Favorite

Ship of Rock! 

Though it's beautifully shot, 'Pirate Radio' sinks due to flat characters and abundant movie clichés

If there's one thing movies have taught me, it's that people who like rock music are zany and fun and wear colorful clothing which they remove to lovingly express their sexuality through the divine gift of genital-genital contact.

Meanwhile, government officials who dislike rock music have boring haircuts and dull parties where they wear outfits that express a lack of rockingness. So, and therefore, they are evil and must be defeated by humiliation or assimilated into the rock organism at which point they will loosen their tight hairdos and succumb sexually to counterculture erections.

You can pretty much spin the rest of the plot of Pirate Radio out of that terribly original premise by adding two-dimensional characters and dialogue that sounds like it was picked up off the floor of a freshman screenplay-writing class at a community college for robots. Essentially, Pirate Radio is every rock movie cliché stuffed together into a boat while taking itself way too seriously for even the medium amount of fun that such things are meant to offer.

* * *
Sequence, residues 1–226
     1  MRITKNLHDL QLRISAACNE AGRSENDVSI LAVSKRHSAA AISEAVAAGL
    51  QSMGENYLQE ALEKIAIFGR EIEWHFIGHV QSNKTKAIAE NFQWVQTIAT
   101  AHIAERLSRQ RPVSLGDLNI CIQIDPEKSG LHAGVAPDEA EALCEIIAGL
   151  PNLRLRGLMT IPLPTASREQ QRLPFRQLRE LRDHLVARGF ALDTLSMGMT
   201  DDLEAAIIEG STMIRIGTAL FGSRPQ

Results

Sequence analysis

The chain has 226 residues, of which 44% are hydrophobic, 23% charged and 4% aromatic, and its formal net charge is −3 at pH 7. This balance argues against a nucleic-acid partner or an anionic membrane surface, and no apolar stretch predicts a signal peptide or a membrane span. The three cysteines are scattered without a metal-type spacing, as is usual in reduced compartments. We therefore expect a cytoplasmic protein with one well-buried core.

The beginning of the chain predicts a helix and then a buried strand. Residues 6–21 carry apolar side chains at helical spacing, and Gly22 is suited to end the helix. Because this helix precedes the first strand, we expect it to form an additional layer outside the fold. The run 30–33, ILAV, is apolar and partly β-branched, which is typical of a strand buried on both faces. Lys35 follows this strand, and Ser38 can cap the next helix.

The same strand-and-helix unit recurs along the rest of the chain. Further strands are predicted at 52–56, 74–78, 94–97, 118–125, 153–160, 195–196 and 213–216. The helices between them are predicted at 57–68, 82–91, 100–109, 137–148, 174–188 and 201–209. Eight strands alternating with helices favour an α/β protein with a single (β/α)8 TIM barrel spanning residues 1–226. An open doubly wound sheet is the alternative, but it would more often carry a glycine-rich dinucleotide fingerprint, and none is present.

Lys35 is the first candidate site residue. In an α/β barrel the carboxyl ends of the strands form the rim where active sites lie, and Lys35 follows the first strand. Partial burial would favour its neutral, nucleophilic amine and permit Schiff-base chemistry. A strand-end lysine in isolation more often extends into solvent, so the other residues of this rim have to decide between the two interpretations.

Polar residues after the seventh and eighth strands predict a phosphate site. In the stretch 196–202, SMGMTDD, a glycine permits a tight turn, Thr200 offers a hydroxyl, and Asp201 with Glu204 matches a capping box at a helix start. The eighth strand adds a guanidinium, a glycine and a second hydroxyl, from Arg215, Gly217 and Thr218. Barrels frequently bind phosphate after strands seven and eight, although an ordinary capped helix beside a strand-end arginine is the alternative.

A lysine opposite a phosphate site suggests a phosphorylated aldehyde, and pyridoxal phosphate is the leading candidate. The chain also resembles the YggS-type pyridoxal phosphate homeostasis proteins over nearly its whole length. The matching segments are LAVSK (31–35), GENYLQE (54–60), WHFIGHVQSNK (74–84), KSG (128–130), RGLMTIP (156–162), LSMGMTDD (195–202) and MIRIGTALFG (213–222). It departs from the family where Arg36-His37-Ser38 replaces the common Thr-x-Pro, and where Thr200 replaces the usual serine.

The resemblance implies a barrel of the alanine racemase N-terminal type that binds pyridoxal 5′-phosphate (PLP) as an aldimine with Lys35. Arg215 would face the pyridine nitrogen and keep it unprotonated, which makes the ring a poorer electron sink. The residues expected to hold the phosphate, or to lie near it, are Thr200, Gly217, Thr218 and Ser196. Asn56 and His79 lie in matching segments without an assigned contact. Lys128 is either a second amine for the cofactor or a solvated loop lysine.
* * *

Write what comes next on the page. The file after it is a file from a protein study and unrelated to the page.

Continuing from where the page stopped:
Philip Seymour Hoffman inexplicably stars as The Count, a DJ on a pirate radio station broadcasting to the United Kingdom in 1966. He and his fellow DJs and hangers-on live on a rusty ship anchored in international waters so as to provide quasi-legal rockage to the music-needy people of England.

You see, their government—as epitomized in the Minister of Flaccid Penises and No Fun, Sir Alistair Dormandy (Kenneth Branagh, who used to do Shakespeare, and now, from the looks of him, apparently does crack and Metamucil)­—has decided that rock music is veddy veddy bad, because it promotes, like, I don't know, sex or something? That part's not really well-explained. Let's just say he's opposed to boners.

So Sir Alistair tries to find a way to shut down the pirate radio stations that dare to R-O-C-K in the U-K. To that end, he employs his assistant, Mr. Twatt (Jack Davenport), to invent new laws that will unrock England. Of course, it's hilarious that a man is named Twatt, since "twat" is a slang word for "ladypart." Yes. This movie actually stoops to the sub-college-comedy trick of naming its characters after quaint terms for genitals.